The new version of Xcode - the program that developers use to create apps and games for iOS - will let you send apps to your iOS device, even if they haven't been approved by Apple.
This means that you will be able to run apps that wouldn't make it onto the App Store, like emulators, torrent clients, banned games, and other unavailable software.
On the website for Xcode 7, Apple says it's now "easier for everyone to build apps and run them directly on their Apple devices. Program membership is not required."
Previously, only those who paid the £79 / $99 a year development license fee could send unapproved and in-development apps to their devices - and to a handful of approved testers.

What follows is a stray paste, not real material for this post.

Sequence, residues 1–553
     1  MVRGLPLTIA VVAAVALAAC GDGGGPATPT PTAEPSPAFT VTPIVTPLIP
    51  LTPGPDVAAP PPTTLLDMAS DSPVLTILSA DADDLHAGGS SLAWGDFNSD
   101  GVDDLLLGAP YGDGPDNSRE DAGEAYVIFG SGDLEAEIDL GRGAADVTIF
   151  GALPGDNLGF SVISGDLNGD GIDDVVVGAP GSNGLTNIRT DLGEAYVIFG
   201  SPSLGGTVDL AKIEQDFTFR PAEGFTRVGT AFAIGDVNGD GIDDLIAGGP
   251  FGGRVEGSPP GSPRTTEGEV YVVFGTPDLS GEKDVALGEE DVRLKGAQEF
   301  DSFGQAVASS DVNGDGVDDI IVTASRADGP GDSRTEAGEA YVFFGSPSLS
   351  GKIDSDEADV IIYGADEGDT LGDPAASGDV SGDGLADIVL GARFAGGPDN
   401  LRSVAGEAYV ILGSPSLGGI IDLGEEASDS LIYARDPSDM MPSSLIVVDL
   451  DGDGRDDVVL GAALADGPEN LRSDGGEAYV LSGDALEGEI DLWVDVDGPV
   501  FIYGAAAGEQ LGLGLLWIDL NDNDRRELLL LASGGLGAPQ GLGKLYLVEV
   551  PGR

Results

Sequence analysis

But here, developer Bouke van der Bijl shows that it's possible to run Game Boy Advance emulator GBA4iOS - which hasn't worked since iOS 8.1 - on any device, just by importing the source code into Xcode and sending it to an iPhone.
It's not quite as easy as it would be on Android, but that might be to the benefit of developers.
A developer source I spoke to says that requiring the original source code of the app (rather than the compiled .ipa file you download from the App Store) will help avoid piracy of premium apps on the App Store.
The feature is intended to let developers start building and testing apps before committing to the developer license - but unless Apple changes the implementation, it also allow you to install a much wider array of apps onto your device.
If you want to get started, you can download the Xcode 7 beta from Apple, here.
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